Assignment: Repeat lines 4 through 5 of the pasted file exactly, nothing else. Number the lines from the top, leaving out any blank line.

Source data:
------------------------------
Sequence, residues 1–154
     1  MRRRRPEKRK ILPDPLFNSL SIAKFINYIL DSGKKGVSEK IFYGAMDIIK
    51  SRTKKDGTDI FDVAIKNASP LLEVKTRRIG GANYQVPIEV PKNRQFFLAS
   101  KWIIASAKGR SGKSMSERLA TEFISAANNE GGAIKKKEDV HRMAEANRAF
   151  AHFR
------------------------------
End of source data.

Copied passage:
   101  KWIIASAKGR SGKSMSERLA TEFISAANNE GGAIKKKEDV HRMAEANRAF
   151  AHFR